The Font Style Guide: Resume Edition For Students

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When making a résumé or cover letter, you have to consider your relative job experience, the skills you bring, and that it is all organized in a logical manner. But have you ever thought about the font you’re using?

The font is often the most visual component of your résumé or cover letter, and yes, some employers do look at the type of font you used. So, what are some things to ponder over when selecting a font, and what are these fonts possibly conveying?

1. Serif fonts

Serif fonts are ones like “Baskerville” or “Georgia” that are meant to mimic quill or writing from an old-fashioned pen; these fonts have flourishes on certain letters. Fonts like these tend to give off a more traditional and reliable aura. Serif fonts are the best to use if you are going to do a bit of walking and hand out your résumé as the more distinctive letters make them easier to read in print.

2. Sans Serif fonts

Sans Serif fonts are fonts like “Helvetica” and “Calibri.” They do not have the tails or other flourishes as the Serif fonts (hence “sans”); so they tend to be seen as more clean and modern. These fonts are your safest choices for most business and office jobs as well as for any job you are submitting your résumé online, as Sans Serif fonts are the easiest to read on-screen.

A quick note on cover letters…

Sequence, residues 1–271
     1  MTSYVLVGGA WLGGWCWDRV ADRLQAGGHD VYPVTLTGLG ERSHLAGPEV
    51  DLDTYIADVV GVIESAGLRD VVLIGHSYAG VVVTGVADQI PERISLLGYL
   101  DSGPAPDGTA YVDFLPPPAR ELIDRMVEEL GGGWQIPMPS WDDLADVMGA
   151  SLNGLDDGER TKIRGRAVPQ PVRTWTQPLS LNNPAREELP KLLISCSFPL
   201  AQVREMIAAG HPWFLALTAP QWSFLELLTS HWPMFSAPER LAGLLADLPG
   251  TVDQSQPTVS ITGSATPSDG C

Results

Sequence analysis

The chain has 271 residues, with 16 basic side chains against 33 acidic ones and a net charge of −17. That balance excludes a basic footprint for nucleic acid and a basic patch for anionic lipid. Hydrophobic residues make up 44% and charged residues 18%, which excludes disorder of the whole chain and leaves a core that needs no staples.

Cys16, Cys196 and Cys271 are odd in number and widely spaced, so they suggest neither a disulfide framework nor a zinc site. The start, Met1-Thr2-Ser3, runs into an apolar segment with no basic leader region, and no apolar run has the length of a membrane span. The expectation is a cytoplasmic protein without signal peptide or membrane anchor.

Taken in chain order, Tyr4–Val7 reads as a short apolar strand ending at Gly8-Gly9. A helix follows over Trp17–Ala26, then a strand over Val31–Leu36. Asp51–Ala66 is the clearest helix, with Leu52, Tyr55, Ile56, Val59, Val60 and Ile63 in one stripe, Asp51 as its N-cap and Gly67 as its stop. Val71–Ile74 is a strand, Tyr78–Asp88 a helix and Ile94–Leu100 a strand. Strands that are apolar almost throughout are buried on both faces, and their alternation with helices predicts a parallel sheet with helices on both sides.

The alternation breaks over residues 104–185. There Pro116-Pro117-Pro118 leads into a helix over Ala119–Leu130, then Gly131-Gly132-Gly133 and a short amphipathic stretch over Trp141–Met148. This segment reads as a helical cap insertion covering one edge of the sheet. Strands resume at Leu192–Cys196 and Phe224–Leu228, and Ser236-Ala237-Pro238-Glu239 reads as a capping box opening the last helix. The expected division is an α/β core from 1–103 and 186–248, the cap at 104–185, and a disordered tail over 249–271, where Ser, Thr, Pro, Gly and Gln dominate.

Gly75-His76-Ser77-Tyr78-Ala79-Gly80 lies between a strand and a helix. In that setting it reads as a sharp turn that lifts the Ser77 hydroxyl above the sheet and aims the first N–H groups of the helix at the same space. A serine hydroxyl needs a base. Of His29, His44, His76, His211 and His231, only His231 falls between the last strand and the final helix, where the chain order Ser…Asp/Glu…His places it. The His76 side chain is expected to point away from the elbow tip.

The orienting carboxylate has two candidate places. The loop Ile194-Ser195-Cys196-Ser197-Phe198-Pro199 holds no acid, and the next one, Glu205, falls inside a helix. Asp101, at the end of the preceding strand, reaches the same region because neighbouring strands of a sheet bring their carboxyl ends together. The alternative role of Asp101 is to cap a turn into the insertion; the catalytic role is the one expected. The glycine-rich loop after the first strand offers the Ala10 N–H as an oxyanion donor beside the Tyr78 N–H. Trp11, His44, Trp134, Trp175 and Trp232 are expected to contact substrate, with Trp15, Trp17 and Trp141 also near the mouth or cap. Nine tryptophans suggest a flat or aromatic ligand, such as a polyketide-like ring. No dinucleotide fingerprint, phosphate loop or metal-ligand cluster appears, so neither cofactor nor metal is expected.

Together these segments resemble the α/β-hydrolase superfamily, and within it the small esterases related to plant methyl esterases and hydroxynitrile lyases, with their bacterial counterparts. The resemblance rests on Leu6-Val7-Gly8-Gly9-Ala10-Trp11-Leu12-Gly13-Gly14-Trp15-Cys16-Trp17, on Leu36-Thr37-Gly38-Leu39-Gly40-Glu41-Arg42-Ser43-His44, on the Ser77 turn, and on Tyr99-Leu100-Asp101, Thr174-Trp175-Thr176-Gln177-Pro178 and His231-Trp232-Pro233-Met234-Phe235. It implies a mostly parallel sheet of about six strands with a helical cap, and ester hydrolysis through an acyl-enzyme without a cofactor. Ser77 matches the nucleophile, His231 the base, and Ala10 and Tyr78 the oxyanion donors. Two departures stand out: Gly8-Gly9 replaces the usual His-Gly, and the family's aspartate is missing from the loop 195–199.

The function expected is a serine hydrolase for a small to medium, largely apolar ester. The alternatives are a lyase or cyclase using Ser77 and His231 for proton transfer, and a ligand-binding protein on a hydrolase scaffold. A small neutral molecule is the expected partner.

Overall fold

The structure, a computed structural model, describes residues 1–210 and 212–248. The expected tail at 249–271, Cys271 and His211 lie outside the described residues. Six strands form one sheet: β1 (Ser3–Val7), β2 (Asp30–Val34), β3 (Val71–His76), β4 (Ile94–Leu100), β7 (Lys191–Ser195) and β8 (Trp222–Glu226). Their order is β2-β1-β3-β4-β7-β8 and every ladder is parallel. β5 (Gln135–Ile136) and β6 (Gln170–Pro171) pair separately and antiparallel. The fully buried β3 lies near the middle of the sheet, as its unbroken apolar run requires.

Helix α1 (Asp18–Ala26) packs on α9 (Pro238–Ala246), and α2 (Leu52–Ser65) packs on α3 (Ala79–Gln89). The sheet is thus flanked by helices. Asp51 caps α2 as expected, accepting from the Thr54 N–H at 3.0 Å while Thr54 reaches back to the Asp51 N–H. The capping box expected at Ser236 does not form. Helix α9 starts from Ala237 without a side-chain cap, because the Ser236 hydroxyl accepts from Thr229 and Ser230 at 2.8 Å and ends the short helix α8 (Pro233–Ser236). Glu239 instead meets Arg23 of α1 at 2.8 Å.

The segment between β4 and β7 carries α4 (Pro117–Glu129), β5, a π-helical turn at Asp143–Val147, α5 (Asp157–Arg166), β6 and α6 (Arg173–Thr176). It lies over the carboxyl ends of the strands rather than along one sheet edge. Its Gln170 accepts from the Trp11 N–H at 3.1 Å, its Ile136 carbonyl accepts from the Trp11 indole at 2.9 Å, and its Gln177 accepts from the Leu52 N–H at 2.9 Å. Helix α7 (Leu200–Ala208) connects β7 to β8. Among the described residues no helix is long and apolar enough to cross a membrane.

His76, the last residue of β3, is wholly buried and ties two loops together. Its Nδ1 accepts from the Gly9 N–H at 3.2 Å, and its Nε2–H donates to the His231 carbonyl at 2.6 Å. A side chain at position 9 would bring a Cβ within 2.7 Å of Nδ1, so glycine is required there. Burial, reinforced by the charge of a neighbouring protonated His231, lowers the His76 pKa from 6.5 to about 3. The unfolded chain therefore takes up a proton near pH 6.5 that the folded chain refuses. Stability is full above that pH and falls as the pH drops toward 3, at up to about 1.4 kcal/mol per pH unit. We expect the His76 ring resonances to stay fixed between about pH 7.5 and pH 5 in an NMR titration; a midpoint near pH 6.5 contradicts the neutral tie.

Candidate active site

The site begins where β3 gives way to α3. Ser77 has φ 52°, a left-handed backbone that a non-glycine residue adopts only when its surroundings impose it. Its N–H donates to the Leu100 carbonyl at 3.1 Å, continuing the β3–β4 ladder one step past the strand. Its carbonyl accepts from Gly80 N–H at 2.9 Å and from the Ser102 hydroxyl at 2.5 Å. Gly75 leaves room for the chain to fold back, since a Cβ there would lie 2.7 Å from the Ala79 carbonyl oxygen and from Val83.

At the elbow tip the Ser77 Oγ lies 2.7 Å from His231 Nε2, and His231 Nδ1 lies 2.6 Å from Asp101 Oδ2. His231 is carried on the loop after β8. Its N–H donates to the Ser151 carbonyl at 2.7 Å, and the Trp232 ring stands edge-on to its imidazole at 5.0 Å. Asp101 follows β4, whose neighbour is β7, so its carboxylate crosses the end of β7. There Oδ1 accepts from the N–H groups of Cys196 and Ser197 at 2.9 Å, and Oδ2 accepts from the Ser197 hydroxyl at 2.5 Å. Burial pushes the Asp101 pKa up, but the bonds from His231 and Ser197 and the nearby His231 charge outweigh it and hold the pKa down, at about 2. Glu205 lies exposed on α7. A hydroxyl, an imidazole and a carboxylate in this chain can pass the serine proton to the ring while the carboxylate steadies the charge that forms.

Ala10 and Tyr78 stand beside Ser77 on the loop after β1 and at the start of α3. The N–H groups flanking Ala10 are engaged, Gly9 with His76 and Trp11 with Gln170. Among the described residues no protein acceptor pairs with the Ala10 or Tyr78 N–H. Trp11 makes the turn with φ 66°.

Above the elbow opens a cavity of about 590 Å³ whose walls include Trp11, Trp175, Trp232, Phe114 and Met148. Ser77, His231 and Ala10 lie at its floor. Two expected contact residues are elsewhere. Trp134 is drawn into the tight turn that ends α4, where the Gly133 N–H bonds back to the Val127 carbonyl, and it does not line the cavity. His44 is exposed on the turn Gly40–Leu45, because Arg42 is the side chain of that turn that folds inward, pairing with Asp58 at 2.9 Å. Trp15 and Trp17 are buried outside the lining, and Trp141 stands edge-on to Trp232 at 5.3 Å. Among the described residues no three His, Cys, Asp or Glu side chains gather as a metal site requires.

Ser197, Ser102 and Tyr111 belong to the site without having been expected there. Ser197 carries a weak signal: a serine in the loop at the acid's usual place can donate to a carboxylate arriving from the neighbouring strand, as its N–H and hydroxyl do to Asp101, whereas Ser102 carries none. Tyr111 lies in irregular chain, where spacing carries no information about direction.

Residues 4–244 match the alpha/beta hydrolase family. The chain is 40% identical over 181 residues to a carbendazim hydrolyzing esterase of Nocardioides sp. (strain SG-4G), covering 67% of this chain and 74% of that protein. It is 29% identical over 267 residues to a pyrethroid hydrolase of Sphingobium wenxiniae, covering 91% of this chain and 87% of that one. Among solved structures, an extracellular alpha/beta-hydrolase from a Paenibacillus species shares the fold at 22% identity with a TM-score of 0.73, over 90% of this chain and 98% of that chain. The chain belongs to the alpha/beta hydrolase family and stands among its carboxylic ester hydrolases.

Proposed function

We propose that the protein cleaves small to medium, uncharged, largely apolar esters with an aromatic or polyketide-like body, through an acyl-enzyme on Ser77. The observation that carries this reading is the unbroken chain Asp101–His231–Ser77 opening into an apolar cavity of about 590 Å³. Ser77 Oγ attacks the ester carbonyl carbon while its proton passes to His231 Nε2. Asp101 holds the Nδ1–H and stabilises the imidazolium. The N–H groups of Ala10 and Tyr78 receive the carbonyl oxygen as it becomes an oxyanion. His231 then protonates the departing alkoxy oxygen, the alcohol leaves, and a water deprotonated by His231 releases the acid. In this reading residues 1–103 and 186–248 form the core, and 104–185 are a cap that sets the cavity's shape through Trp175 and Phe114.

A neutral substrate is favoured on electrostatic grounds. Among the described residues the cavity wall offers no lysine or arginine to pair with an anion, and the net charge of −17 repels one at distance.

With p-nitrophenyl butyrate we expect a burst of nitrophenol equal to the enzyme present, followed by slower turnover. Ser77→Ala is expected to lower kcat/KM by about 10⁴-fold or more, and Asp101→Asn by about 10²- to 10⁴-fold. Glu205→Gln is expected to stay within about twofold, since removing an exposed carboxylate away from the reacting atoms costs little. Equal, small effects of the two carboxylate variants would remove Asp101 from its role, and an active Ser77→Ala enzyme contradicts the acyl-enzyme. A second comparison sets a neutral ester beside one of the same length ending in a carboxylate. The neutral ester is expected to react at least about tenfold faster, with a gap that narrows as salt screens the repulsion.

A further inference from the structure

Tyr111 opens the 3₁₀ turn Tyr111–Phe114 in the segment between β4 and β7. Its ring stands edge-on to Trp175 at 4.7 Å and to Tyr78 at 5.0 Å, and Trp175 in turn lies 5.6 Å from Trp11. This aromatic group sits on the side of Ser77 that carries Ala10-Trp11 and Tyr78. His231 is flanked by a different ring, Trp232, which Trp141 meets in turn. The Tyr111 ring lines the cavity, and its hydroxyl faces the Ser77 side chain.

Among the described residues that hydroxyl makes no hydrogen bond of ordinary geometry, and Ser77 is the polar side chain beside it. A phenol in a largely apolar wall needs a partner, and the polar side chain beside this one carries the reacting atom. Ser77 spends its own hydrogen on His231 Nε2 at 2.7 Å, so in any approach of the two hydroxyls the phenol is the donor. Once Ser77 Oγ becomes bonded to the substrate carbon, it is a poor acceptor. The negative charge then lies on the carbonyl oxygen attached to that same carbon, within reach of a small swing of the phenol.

You will only want to use sans serif or serif fonts on your cover letters as these types of fonts are seen as the most professional. You will also likely want to use the font you used for the majority of your résumé as your cover letter font for a sense of co-ordination.

3. Script fonts

Script fonts imitate cursive writing; so fonts like “Zapfino” or “Bickham Script” would be classified as script fonts. This genre of font tends to give a more elegant and creative flare to the document. However, this is one style you do not want to use extensively or use multiple kinds of as they can become difficult to read. You will also have to consider that an increasing number of people are not learning cursive, so you may not be understood at all. You will also want more space between lines, as script fonts tend to have flourishes that dip above and below the main line of text. If you want to use script fonts I would suggest keeping it as your header font or perhaps something to write your name in.

4. Display fonts

Display fonts are essentially the “other” category. Fonts like “Giddyup” or “Jazz” fall under this heading. Like the script fonts you want to use these sparingly and stick to the more elegant ones. This style of font is so seldom used though, you could really use it to stand out, as many of these fonts are seen as fun and creative.

5. Font size

Font size will depend on the font you use. You want a size that will be legible (even when printed out), but not so big that it looks childish. Generally that will lie in the size ten to thirteen range. When in doubt, size eleven is your best bet.

6. Special jobs

If you are applying for a more visual job (i.e. graphic designer) you will have a bit more leeway in your fonts, and be able to use your résumé as a way to display what you can do and how well you can do it. You will still want to exercise caution on the script and display fonts, but you can be a bit more daring.

What font have you been using for your resume? Is it time to make a change?

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